And here’s why banks and Silicon Valley fintechs clash over consumers’ data.
Goldman Sachs Group partnered Apple for a credit card deal to gain traction in the mass market, particularly iPhone users.
According to Goldman chief executive David Solomon, the consumer business is a critical part of the bank’s strategy to grow revenues and cut costs, as revenue shrinks in traditional areas of strength for Goldman like bond trading.
Citigroup is developing a consumer-payments platform by offering credit cards and e-wallets to expand product portfolios within its B2B payment offerings.
Citi is working with Mastercard to facilitate the service as well as other payment companies to incorporate up to 140 alternative payment methods into the service.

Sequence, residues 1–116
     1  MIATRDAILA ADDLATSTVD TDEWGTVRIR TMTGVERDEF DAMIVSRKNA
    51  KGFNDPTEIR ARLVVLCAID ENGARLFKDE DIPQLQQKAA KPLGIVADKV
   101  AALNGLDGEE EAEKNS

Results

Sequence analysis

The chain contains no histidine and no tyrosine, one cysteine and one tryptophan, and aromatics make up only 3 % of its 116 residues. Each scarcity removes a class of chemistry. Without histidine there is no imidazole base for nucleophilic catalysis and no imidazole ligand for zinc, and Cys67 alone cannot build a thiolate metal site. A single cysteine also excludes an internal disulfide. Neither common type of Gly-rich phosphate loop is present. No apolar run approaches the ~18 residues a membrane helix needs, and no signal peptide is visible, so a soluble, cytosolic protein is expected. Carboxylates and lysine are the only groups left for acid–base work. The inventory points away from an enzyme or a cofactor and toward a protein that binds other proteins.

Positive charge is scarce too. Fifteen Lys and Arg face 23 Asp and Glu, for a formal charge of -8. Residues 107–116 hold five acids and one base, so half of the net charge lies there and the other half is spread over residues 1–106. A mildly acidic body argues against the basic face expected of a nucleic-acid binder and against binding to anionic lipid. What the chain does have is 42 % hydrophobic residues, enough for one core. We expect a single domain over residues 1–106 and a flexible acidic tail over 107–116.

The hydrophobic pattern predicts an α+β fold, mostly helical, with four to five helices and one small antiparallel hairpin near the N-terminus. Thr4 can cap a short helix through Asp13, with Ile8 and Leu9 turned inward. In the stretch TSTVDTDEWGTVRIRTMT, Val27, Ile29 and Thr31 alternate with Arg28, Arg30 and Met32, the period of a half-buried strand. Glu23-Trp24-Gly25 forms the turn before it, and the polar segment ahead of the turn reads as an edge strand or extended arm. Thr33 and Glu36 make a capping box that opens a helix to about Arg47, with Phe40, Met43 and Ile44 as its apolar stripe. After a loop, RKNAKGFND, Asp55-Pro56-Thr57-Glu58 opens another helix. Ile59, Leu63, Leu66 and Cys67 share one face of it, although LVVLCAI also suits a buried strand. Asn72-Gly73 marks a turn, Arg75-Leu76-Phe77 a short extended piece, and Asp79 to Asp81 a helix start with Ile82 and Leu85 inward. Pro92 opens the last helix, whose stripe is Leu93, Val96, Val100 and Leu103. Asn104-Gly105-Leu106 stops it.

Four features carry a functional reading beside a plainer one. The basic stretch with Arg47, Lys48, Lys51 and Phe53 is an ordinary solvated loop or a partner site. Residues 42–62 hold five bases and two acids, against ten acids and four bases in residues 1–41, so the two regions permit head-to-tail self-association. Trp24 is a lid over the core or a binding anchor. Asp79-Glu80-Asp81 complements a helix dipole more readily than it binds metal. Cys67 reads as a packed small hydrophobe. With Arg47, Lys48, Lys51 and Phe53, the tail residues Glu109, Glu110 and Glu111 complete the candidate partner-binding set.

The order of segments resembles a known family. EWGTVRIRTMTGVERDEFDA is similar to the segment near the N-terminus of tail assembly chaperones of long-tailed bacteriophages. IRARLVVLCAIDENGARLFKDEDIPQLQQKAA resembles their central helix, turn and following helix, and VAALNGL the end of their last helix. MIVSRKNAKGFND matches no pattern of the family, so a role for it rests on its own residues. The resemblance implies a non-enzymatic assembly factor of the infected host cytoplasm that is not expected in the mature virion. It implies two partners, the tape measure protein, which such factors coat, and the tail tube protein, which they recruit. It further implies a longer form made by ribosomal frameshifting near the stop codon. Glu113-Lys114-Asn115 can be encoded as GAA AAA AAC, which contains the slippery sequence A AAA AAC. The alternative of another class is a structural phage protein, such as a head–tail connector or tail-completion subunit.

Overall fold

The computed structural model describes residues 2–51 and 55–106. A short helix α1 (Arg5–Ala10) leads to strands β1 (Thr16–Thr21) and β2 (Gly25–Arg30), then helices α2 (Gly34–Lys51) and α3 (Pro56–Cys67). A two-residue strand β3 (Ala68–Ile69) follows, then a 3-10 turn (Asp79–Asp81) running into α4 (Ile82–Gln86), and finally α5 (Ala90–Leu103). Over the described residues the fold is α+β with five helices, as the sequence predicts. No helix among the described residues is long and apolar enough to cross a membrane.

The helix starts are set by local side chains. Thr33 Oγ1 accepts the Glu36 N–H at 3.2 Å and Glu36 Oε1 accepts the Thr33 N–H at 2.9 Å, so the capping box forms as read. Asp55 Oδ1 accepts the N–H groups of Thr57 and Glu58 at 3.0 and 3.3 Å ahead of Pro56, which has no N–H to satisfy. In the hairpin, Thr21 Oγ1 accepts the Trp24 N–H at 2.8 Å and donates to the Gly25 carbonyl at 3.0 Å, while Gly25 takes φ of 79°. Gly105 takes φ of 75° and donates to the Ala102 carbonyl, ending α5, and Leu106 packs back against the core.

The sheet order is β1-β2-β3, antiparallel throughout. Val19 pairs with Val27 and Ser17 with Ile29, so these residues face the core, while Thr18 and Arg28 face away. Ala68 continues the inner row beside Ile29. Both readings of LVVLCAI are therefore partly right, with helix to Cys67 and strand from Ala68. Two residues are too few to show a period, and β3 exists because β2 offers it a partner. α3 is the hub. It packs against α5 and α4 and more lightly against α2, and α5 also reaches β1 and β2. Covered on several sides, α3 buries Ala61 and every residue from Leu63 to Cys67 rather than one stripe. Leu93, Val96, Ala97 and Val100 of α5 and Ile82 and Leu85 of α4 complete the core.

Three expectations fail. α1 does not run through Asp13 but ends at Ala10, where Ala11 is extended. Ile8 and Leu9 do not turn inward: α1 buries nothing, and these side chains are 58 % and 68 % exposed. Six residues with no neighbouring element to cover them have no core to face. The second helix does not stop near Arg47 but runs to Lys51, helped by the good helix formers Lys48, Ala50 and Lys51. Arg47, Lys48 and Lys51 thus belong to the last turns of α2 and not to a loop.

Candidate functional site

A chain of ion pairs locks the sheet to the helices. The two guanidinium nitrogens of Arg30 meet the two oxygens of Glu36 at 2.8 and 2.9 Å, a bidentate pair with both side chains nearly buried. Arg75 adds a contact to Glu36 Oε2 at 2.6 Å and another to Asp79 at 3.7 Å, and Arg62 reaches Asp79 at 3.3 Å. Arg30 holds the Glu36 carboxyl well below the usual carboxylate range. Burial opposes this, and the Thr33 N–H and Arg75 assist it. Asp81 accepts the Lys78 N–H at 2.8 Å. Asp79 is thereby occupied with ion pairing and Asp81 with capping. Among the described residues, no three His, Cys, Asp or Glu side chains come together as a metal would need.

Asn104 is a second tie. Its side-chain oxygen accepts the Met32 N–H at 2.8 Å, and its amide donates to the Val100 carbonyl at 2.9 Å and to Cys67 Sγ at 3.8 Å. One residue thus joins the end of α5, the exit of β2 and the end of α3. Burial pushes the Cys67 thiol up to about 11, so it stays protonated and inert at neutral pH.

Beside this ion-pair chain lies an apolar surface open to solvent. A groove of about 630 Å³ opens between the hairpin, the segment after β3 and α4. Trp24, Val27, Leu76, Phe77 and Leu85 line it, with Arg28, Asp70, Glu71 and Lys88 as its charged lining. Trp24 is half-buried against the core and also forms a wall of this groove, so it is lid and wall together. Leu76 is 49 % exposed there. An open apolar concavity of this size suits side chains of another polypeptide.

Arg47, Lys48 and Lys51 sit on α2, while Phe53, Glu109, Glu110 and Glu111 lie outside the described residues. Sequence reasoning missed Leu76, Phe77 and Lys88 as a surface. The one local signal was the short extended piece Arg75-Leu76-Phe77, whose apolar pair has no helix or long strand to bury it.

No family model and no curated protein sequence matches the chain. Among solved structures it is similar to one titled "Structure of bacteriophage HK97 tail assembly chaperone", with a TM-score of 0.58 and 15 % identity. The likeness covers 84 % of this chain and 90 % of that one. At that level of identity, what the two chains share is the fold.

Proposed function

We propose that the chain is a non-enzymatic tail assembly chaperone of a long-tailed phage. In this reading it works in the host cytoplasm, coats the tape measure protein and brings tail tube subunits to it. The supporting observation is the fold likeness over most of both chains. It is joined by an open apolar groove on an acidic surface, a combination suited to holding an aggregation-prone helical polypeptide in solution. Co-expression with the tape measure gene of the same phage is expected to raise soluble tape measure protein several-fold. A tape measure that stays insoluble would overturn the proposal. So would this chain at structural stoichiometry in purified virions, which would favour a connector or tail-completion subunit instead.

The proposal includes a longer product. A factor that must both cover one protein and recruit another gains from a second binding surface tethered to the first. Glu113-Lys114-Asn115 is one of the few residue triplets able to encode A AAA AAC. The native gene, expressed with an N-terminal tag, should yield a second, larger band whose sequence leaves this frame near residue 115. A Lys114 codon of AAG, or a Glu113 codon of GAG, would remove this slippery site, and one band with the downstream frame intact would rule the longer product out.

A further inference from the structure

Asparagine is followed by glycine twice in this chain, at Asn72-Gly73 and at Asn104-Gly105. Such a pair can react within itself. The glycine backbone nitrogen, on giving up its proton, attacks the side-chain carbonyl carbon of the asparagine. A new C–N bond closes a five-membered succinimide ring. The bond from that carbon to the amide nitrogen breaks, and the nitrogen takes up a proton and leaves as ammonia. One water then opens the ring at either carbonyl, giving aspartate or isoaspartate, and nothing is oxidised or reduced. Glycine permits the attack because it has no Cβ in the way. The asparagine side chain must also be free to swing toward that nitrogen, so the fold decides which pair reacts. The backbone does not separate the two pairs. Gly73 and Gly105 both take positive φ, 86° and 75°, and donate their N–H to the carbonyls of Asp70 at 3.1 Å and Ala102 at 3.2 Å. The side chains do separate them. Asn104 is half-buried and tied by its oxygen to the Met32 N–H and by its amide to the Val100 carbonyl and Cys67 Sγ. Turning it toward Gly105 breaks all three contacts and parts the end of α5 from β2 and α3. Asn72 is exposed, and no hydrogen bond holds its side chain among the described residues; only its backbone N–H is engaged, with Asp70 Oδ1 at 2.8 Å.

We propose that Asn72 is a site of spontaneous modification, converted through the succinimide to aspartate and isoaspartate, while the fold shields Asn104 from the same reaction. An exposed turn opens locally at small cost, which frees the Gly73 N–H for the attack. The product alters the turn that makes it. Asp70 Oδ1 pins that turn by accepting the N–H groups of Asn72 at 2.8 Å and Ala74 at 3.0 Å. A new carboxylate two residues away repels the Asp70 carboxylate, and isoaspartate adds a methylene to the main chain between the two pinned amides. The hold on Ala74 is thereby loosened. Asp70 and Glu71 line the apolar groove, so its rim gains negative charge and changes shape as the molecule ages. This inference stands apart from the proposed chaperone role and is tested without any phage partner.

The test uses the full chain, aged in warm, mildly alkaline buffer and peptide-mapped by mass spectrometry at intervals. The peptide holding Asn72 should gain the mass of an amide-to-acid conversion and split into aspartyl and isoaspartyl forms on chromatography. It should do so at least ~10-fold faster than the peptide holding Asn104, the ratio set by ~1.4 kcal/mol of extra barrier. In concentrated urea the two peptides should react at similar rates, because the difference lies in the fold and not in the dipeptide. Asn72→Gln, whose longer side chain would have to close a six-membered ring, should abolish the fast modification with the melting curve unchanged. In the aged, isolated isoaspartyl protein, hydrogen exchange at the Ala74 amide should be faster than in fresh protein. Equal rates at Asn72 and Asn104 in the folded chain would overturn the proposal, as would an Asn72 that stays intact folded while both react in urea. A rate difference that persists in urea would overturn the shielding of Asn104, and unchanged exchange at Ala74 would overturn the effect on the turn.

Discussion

Tensions between banks and Silicon Valley startups are head-to-head to battle over valuable data in Americans’ bank accounts. Major banks including JPMorgan and Capital One were the front runners in the fight to control how non-bank players use sensitive customer information, citing consumer protection as their highest priority.
There are almost 2,300 fintech apps in the US, offering help with budgeting, investing and payments, according to market research firm Venture Scanner. Many rely on access to users’ bank records. Getting locked out can kill their business.
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